Chesapeake Tuesday

4

February 12, 2008 by 8junebugs

I love the re-branding of the primary and election events. Tsunami Tuesday, indeed…it retains the mouth-feel of Super Tuesday and has the look of alliteration. Marketing genius, people!

My primary is tomorrow and I am troubled. I wasn’t terribly troubled, being busier than usual, but Rich Lashua posted a rant on his myspace blog about voting and civic duty and whatnot, and I (in the tradition of overthinking every bloody thing I see/read) felt compelled to note that I agreed in areas where I had not yet voiced an opinion.

To paraphrase, then expound upon, my response to his well-phrased post, my choices tomorrow are Exciting and Thrilling and Historic. They are not, however, perfect answers.

I have a mild case of Obama Fever, it’s true. The man inspires me and makes me want to believe in the honor of public service. He’s just full of that honor, isn’t he? At the risk of sounding like a compartmentalizing racist in a racially charged election cycle, Barack Obama speaks with the force and glory of Dr. King.  You look at his honest, earnest face and you think, “This man right here is a leader. No question. He can heal the wounds we carry from eight years of cronyism, international embarassment, and shocking abuse of the English language.”

And you’re right.

But if you listen to Obama’s words instead of the tone and inflection, you might hear that his policy promises are not as strong as the political ones, that his plans are a little nebulous and he’s speaking at the biggest pep rally since Reagan’s “morning in America” spiel. (Don’t look at me like that. If “they” can conjure the man on either side of the ballot, so can I.)

Maybe that’s okay. God knows our republic could use a shot in the arm that isn’t sparked by a terrorist attack. But I need a little more. It would not have been better recieved any other possible way, but Clinton was correct to note that Dr. King needed Johnson’s help to effect change. “It took a president to get it done.”

Senator Clinton is also — strategically, brilliantly — riding the wave of anti-Bush emotion. One thing she ain’t is stupid. Underneath all the rhetoric, though, is a solid foundation of policy plans. She knows her stuff and she’s had more than my lifetime to think about how she could make things better. On top of all that, she knows the ins and outs of working inside the Beltway. Like it or not, the learning curve here is unpleasant and full of nasty surprises…ones she could anticipate.

But in this entire country, there is no more polarizing figure than Senator and former First Lady Hillary Clinton. Knowing what to do and how to do it will only get her so far; a President Hillary Clinton will face galactically huge obstacles. There will be those who genuinely disagree with her, but there will be plenty who will never support anything she does. Ever.

I have my own reasons for not wanting Clinton in the Oval, most of which have to do with honor and fair play. (I actually think she’s better than the way she has campaigned, though it could have been a lot worse.) Looking forward, though, the feminist in me has a hard time picturing the first female POTUS and knowing that I did not support her campaign.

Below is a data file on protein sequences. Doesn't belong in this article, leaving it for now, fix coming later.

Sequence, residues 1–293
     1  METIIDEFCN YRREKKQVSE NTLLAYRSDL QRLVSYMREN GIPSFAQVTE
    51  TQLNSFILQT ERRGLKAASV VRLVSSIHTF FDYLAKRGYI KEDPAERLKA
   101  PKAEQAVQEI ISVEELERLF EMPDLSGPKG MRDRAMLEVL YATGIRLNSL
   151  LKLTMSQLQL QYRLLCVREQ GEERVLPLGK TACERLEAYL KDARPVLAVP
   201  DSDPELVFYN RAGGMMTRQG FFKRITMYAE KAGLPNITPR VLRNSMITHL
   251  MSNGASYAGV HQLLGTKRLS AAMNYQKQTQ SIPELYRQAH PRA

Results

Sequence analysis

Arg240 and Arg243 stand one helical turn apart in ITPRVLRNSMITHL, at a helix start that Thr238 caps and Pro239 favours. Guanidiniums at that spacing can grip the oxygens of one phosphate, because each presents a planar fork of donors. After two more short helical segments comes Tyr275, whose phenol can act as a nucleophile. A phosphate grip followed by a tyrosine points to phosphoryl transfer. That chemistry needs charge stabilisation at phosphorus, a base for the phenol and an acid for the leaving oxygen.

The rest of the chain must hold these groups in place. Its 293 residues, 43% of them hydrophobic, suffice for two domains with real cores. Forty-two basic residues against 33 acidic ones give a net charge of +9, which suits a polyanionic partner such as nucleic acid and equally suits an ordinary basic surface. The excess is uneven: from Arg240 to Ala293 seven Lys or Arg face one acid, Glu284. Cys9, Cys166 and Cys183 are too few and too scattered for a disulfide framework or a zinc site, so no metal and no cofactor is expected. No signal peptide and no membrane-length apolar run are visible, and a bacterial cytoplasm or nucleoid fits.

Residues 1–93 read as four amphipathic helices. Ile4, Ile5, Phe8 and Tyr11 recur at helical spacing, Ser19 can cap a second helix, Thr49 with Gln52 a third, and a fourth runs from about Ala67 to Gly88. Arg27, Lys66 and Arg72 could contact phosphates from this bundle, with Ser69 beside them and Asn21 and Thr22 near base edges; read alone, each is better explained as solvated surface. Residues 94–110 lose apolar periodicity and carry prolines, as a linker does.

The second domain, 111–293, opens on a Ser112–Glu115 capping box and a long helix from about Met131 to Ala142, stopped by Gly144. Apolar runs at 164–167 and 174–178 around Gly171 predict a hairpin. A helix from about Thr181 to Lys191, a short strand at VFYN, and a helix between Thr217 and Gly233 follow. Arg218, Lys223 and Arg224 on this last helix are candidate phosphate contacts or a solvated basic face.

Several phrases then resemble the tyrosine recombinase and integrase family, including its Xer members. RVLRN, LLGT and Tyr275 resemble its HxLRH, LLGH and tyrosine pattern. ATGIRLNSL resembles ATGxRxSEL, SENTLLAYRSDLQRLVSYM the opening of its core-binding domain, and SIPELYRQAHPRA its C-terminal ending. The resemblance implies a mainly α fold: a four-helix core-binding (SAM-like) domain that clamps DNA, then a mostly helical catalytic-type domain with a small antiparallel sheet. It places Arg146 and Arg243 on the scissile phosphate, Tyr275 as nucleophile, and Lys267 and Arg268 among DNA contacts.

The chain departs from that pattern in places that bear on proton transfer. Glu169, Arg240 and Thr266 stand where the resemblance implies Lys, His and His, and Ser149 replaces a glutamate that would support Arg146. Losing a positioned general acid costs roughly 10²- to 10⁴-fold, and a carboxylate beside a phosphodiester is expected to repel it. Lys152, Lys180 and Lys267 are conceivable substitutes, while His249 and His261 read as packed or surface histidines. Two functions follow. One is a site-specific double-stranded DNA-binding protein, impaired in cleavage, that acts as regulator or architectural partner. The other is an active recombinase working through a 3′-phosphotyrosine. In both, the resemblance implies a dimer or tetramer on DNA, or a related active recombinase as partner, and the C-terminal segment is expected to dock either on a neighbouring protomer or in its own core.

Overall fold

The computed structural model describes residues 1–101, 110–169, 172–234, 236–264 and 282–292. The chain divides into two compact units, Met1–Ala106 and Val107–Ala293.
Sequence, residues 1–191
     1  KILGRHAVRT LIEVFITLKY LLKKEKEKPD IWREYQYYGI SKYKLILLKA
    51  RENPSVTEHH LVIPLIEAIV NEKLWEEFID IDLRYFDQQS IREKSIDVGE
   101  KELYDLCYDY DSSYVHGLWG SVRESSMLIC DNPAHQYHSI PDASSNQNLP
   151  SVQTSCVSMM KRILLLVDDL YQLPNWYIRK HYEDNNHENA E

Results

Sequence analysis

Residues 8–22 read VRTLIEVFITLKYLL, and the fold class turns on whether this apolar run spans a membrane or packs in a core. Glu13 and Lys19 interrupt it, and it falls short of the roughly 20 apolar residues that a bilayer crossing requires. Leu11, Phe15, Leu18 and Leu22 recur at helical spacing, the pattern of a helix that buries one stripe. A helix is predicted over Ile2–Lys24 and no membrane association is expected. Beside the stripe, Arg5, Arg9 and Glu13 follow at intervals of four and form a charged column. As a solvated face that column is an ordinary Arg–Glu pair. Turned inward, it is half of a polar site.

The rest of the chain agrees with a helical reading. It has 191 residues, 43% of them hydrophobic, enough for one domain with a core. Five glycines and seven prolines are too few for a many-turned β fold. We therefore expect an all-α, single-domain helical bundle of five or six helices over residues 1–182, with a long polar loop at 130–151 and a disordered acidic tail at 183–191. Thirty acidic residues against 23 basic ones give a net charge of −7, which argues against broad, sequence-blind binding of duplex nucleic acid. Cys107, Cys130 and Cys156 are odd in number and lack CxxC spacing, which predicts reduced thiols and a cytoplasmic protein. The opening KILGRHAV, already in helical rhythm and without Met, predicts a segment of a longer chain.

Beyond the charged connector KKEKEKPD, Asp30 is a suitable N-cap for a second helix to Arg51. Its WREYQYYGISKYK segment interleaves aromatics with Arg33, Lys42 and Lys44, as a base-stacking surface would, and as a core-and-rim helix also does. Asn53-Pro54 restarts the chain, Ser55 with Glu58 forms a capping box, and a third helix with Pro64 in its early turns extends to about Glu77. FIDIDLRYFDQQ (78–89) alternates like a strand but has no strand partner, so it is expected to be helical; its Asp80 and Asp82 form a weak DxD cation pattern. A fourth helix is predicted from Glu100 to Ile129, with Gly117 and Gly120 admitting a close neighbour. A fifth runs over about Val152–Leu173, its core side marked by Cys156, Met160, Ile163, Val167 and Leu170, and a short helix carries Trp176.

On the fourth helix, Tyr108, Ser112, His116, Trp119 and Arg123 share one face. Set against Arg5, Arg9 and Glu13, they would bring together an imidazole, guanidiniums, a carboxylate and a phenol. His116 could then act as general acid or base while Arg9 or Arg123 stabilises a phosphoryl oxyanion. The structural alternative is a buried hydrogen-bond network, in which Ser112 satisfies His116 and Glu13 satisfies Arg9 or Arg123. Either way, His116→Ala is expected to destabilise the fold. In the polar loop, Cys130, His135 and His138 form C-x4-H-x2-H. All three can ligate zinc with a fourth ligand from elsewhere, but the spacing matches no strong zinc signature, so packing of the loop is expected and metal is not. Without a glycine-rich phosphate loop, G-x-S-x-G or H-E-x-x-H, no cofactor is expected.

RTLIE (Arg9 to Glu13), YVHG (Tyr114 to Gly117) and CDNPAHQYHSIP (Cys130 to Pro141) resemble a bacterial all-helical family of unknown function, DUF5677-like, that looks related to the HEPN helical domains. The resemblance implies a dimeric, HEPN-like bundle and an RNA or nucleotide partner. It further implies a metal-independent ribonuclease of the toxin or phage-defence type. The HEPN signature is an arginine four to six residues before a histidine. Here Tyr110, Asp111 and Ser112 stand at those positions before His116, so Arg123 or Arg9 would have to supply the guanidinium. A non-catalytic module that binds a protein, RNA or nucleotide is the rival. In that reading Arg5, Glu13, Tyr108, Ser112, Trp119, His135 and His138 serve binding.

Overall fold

And so I find myself with more questions than answers this Primary Eve. I’m thinking back to our celebration of the midterm election results and one friend’s dire, yet, I think, still-accurate observation: “Oh-four is not a lock. We can still fuck it up.”

4 thoughts on “Chesapeake Tuesday

  1. Alicia says:

    I absolutely HATE the argument that it’s somehow un-feminist not to support Hillary. To me, being a feminist means that I trust my judgement enough to decide for myself who I should vote for. I’m not going to listen to my parents, my husband, or even my children (if I had any). I am deeply offended by some of the press releases coming out of NOW and some of the other organizations that attack Obama for the same positions that Hillary has. I would vote for her if I truly felt that she would be the best person for the job, but I don’t think she is. Obama has the detailed positions, he just doesn’t talk about them as much, because that’s not what sells him as a canidate. Hillary is brillant and has worked very hard to get where she is, but right now we need someone who can at least try to bridge the gap, not someone who opens old wounds.

    I think they might take away my degree for this 🙂

  2. 8junebugs says:

    You read NOW’s press releases? That alone will save your degree. I wonder if they’ll take mine away for using serial commas?

    Your definition of feminism is spot on and we agree on most points. I am disappointed that Clinton is our first viable woman candidate for president; if you’ll recall, I wrongly predicted that she wasn’t dumb enough to run so soon.

    I also have a deep and abiding fear that the reactions to her and the insistence upon calling her Hillary instead of Senator Clinton are subtly setting gender equality back 50 years.

    I know…again with the overthinking.

  3. Alicia says:

    I’m a nerd, and still on some email lists, so yes I do read them occasionally.

    I think people call her Hillary, because it’s easier than saying Sen. Clinton, or otherwise using a second word to make sure people don’t think you’re talking about Bill Clinton. When I talk about him I almost always say Bill for the same reason.

    And she wasn’t dumb to run this early, she’s ambitious and competitive to a degree that I think might be unhealthy, just like her husband. But that’s usually a good thing in politics.

  4. 8junebugs says:

    Her ambition and competitive streak leave her husband’s in the dust. Give credit where it’s due. 😉

    All this worry for naught…thanks to work and weather, I’m stuck in the office and the polls are closed.

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